The Recognitions

The Recognitions

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Overview

The book Jonathan Franzen dubbed the "ur-text of postwar fiction" and the "first great cultural critique, which, even if Heller and Pynchon hadn't read it while composing Catch-22 and V , managed to anticipate the spirit of both" The Recognitions is a masterwork about art and forgery, and the increasingly thin line between the counterfeit and the fake. Gaddis anticipates by almost half a century the crisis of reality that we currently face, where the real and the virtual are combining in alarming ways, and the sources of legitimacy and power are often obscure to us.

Product Details

ISBN-13: 9781564786913
Publisher: Dalkey Archive Press
Publication date: 02/07/2012
Series: American Literature (Dalkey Archive) Series
Edition description: Reprint
Pages: 956
Product dimensions: 5.50(w) x 8.30(h) x 2.20(d)

About the Author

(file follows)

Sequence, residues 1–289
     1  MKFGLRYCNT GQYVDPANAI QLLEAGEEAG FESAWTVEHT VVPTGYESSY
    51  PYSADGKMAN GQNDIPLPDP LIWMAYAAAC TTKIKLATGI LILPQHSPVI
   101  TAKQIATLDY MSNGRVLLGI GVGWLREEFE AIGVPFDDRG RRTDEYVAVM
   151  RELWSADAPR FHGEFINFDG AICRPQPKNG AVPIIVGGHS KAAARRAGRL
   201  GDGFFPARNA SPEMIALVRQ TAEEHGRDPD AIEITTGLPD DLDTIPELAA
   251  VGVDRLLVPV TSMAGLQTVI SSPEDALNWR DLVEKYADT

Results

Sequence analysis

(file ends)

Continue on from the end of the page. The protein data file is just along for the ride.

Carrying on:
William Gaddis (1922-98) stands among the greatest American writers of the twentieth century. The winner of two National Book Awards (for "J R" [1976] and "A Frolic of His Own" [1995]), he wrote five novels during his lifetime, including "Carpenter's Gothic "(1985), "Agap? Agape" (published posthumously in 2002), and his early masterpiece "The Recognitions" (1955). He is loved and admired for his stylistic innovations, his unforgettable characters, his pervasive humor, and the breadth of his intellect and vision.

William Gaddis (1922-98) stands among the greatest American writers of the twentieth century. The winner of two National Book Awards (for "J R" [1976] and "A Frolic of His Own" [1995]), he wrote five novels during his lifetime, including "Carpenter's Gothic "(1985), "Agap? Agape" (published posthumously in 2002), and his early masterpiece "The Recognitions" (1955). He is loved and admired for his stylistic innovations, his unforgettable characters, his pervasive humor, and the breadth of his intellect and vision.